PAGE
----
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Big China contingent for 2010 Games

CHINA will send more than 200 athletes and officials to the 2010 Vancouver Winter Olympics, its biggest delegation for the winter games and about one-third larger than its representation in 2006 at Turin, Italy.

In a statement yesterday on the Chinese Olympic Committee's Website, committee vice president Xiao Tian said he expected improved results over 2006. China sent a delegation of 151 to Turin and finished No. 14 on the medal table with two gold, four silver and five bronze medals.

About half of the delegation will be athletes, Xiao said.

Xiao said China would be competitive in short-track speedskating, speedskating, freestyle skiing aerials and figure skating. He said breakthroughs might come in curling and snowboarding events.

Germany topped the 2006 medal table with 11 gold and 29 medals overall. The United States was No. 2 with nine gold and 25 overall. Only 26 countries won medals in Turin, and only 18 managed at least one gold medal.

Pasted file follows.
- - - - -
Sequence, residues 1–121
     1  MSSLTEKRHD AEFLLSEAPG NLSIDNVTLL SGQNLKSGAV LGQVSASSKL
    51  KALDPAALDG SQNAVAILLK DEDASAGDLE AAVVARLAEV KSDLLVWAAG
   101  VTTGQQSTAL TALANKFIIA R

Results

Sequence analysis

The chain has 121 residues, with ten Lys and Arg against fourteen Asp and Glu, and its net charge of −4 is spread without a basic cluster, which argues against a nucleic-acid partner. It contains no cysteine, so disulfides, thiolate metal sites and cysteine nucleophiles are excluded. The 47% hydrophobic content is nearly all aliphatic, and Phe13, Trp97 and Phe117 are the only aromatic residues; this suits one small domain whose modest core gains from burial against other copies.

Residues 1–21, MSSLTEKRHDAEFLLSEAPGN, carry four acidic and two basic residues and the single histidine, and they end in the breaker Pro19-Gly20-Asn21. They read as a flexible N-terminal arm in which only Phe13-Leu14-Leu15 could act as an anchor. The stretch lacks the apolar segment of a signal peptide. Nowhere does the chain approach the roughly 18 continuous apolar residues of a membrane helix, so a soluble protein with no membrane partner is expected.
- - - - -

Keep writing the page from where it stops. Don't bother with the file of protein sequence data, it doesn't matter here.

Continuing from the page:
On Thursday, IOC president Jacques Rogge predicted an "extraordinary and memorable" Vancouver Games as he kicked-off the one-year countdown.

"The countdown has begun," Rogge told a crowd at the new Olympic speedskating oval in the Vancouver suburb of Richmond. "In just one year, the slopes of Whistler, the Pacific Coliseum and Cypress Mountain will be open for Olympic competition."

Earlier in the day, Rogge unveiled the torches for the Olympic relay across Canada and congratulated the Games organizing committee for its work to this point.

Rogge said everything appears to be on track for the games. "I have been extremely pleased with the progress of the organization," he said.

Rogge acknowledged the Olympics have not been immune to the global economic crisis, and said a focus had been on controlling costs.


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